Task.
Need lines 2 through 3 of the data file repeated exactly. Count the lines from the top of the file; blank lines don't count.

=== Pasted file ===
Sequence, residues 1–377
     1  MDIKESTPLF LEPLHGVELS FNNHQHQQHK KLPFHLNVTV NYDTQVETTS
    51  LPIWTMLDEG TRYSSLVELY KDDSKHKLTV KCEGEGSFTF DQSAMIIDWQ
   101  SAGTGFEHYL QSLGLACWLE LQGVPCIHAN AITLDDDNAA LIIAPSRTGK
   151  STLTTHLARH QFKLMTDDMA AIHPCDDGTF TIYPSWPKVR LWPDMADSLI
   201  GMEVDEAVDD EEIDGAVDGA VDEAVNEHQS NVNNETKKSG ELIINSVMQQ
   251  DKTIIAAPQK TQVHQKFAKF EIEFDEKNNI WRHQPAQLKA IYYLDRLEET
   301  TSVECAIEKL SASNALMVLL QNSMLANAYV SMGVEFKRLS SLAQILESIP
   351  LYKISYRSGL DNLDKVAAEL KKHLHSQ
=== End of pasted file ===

     1  MDIKESTPLF LEPLHGVELS FNNHQHQQHK KLPFHLNVTV NYDTQVETTS
    51  LPIWTMLDEG TRYSSLVELY KDDSKHKLTV KCEGEGSFTF DQSAMIIDWQ